Partnering to Improve Education
Lessons From Charter Schools
Nearly everyone from education reformers to policymakers and the general public agrees: The public education system needs to improve. The federal No Child Left Behind Act has made this painfully obvious. Two years after its passage, 50 percent of all urban districts and nearly 25 percent of suburban districts have identified at least one school in need of improvement, according to a recent study by the Center on Education Policy. Part of the problem is that public schools lack the knowledge and expertise they need to build capacity to improve themselves.
Over the past several decades, organizations in policy arenas outside of education have built capacity through partnerships in areas as diverse as welfare reform, public health care, transportation, and prison management. Based on the benefits of collective action, nonprofit, for-profit, and public organizations work together to solve problems beyond the capacity of any one organization.
Some traditional public schools have experimented with partnerships, but charter schools have been particularly apt to do so. Charter school operators experience operational challenges that often push them into forming partnerships, and laws in many states encourage such outside involvement. Also, exemptions from many district and state regulations enable charter schools to seek partnerships more readily than traditional schools can. If there were a precedent for using partnerships to build capacity, it would be found in charter schools. Thus, we studied their approach to see what lessons it might hold.
We undertook a two-year study of charter school partnerships across the nation in a sample of 11 states. We visited 22 schools and interviewed nearly 150 charter school leaders and leaders from their partner organizations: businesses, colleges and universities, faith-based organizations, municipal offices, museums, and social-service agencies. We found that charter schools had done some creative thinking about service delivery and the allocation of resources. Partnerships with other organizations provided charter schools with a wealth of human, financial, physical, and organizational resources. We also identified the elements that helped partnerships succeed and thrive over time, organized around the following six lessons:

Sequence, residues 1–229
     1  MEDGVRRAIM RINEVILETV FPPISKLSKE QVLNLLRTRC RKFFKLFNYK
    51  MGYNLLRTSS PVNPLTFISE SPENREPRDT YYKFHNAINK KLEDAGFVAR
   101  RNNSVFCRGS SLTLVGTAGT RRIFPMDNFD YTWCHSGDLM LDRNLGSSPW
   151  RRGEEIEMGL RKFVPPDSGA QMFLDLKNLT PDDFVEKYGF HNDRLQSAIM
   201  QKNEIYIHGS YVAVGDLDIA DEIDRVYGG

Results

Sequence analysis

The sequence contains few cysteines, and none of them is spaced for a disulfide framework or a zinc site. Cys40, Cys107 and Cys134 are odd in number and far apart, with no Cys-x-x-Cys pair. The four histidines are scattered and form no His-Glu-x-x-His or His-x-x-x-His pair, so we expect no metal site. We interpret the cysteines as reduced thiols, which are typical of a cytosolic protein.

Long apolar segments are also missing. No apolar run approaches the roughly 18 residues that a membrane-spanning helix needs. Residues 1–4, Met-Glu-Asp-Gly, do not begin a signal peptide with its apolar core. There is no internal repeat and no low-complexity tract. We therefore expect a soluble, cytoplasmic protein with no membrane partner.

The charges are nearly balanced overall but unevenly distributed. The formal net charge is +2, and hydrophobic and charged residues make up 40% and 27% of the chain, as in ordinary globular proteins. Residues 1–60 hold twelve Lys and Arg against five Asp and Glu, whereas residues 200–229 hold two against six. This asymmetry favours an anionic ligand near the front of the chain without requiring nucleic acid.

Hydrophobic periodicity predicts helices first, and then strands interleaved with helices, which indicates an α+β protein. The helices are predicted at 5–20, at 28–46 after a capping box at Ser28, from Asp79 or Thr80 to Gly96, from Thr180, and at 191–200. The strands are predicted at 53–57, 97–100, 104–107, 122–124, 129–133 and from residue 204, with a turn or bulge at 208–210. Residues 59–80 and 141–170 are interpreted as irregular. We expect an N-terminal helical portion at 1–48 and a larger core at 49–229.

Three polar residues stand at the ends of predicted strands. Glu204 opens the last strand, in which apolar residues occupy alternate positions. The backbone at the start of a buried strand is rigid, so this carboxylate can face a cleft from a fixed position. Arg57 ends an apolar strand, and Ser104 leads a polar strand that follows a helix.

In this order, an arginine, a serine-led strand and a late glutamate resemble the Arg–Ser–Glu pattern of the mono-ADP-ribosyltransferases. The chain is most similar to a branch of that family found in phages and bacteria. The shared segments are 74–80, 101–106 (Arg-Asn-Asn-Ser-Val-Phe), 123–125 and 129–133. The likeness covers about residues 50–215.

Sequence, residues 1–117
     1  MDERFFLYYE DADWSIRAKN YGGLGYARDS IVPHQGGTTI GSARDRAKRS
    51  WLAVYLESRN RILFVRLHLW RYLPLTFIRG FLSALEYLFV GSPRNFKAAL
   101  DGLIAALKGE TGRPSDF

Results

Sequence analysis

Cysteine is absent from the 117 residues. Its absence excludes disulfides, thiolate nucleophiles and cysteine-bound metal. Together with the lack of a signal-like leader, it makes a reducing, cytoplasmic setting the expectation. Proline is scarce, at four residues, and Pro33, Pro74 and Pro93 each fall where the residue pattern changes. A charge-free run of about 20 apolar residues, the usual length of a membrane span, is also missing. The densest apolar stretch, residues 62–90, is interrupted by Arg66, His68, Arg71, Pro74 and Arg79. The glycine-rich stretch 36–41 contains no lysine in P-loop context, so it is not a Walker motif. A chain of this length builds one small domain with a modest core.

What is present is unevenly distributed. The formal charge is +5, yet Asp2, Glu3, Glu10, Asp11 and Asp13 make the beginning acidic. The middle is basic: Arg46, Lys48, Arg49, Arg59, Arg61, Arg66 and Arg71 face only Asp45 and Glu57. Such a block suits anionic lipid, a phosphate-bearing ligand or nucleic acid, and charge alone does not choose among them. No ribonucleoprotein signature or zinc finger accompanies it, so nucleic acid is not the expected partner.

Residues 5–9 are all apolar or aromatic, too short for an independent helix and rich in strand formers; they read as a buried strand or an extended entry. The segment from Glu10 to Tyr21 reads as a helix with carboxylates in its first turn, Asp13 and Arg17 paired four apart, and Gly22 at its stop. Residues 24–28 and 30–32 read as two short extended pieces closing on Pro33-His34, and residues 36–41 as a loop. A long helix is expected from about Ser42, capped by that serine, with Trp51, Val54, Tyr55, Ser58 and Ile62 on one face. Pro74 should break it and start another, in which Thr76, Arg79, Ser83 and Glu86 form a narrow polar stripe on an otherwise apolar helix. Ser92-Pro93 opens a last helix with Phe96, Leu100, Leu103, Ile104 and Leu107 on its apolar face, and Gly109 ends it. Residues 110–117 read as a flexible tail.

• Weigh the benefits and costs of partnering. Many charter school leaders reported that their partners provided resources crucial to the school’s survival. Well-known community-based organizations, such as the Boys and Girls Club or the local ymca, provided access to facilities and increased the credibility of start-up charter schools. Educational management organizations, or emos, brought business and management expertise to the partnership, helping with hiring, contracting, budgeting, and other business tasks. Perhaps most important, partnerships helped expand curriculum options for charter school students. For example, a partnership between the Construction Careers Center, a charter high school in St. Louis, and the Associated General Contractors labor union provided students with hands-on learning experiences in the construction industry.